Different zones, different forms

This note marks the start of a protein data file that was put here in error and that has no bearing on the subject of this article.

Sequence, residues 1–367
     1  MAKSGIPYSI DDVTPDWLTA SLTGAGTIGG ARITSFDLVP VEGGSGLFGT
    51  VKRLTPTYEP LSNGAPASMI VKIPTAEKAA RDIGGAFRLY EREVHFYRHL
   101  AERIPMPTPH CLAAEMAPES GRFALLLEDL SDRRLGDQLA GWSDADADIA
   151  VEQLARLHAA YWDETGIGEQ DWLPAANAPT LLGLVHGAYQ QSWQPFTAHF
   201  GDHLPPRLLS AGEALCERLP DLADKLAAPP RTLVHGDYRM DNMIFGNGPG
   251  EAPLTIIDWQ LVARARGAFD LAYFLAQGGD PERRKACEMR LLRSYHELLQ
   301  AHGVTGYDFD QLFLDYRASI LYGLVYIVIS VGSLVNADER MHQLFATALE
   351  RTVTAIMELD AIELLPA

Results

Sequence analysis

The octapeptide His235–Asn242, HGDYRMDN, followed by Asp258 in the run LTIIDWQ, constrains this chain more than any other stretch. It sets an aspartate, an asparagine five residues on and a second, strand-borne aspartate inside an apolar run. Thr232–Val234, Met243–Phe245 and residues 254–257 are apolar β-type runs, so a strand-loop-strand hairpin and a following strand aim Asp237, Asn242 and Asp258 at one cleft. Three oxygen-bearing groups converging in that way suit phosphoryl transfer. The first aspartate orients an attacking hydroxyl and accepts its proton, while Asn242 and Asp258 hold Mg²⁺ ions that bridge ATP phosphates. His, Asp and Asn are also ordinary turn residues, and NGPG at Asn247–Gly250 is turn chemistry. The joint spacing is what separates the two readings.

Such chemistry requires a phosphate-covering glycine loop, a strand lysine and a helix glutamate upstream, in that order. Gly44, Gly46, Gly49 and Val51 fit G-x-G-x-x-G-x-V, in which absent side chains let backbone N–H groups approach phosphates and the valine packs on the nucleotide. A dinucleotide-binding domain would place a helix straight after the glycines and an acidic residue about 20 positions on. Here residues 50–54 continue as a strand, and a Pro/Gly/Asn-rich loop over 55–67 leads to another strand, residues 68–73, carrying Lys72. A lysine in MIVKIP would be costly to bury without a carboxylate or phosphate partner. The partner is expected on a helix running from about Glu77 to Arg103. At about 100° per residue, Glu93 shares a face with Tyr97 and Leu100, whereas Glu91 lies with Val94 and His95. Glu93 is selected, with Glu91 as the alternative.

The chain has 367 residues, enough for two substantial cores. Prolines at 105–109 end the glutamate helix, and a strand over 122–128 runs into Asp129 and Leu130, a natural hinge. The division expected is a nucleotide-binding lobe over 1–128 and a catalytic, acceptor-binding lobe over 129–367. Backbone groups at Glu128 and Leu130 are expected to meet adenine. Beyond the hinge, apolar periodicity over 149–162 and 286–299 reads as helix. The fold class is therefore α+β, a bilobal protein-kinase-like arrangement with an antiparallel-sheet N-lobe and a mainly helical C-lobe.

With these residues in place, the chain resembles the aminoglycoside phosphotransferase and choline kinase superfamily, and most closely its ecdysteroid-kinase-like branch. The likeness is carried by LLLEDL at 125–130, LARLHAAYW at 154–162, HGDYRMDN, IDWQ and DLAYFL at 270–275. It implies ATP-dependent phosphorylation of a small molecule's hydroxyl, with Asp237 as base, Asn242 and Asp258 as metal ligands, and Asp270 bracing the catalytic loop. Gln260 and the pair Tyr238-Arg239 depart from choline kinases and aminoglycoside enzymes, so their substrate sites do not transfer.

Cave morphologies are controlled by the zones in which they have been formed : in the vadose zone mechanical erosion features prevail ( such as canyons, gorges, meanders and vertical shafts) and collapses, such as rooms; while in the phreatic zone corrosion features prevail. Finding typical phreatic zone features in a vadose zone (or more rarely vice versa) is a precious clue in order to reconstruct the evolution and the geological history of a cave. Most underground caves form in the phreatic zone, in particular at its top (near to what is called the water table, or, less correct, the piezometric surface), where galleries are permanently flooded, but where there is a certain mixing of water and a merging with meteoric water, which periodically renews the corrosive capacity. Therefore caves are not formed starting from the surface but from inside, because flowing water must be concentrated in order to give rise to galleries and conduits of a certain size. The shapes of galleries and conduits in the phreatic zone are peculiar. Water occupying uniformly the entire section of a gallery leads to corrosion over the entire surface, thus giving origin to conduits with a circular cross section (both vertical and horizontal ). If the rock contain portions that are easier to corrode or to erode, such as bedding planes or layers where the rock is particularly frail, fracures, etc, cross sections will elongate along these layers and elliptical or more complex galleries will form. Galleries of this type are known as phreatic galleries, and form in the first phases of the birth and evolution of a cave. If the water flow is very slow, on the bottom of the conduits fine sediments that “protect” the rock may accumulate. In this case dissolution only takes place on the ceiling, and galleries, known as paragenetic galleries, are formed, usually characterized by a flat roof. Together with large-scale phreatic morphology, small-scale corrosion forms may be present, and when these are found they are precious evidence in the reconstruction of the history of a cave. For example it is possible to see ceiling half tubes or anastomoses (remains of the most ancient conduits of a karst system, which can be seen winding on the ceilings of larger galleries), dissolution pockets and boneyards where water mixes (at the confluence of conduits, where the chemical composition of water is transformed by mixing), or scallops. The latter are small asymmetric scoops, with an elongated tip indicating the direction of flow, formed by the presence of eddies in non laminar water flow. At times these may be seen also in inactive caves and can be examined by speleologists. They are extremely precious clues regarding water flow in the past. In fact is it possible to recognize the direction of flow and in addition the scallops size can help evaluating the speed of flow in flooded conditions. In fact scallops sizes are inversely proportional to the speed of flow. Small, tightly packed forms indicate a rapid flow, large well separated forms indicate slow flows.

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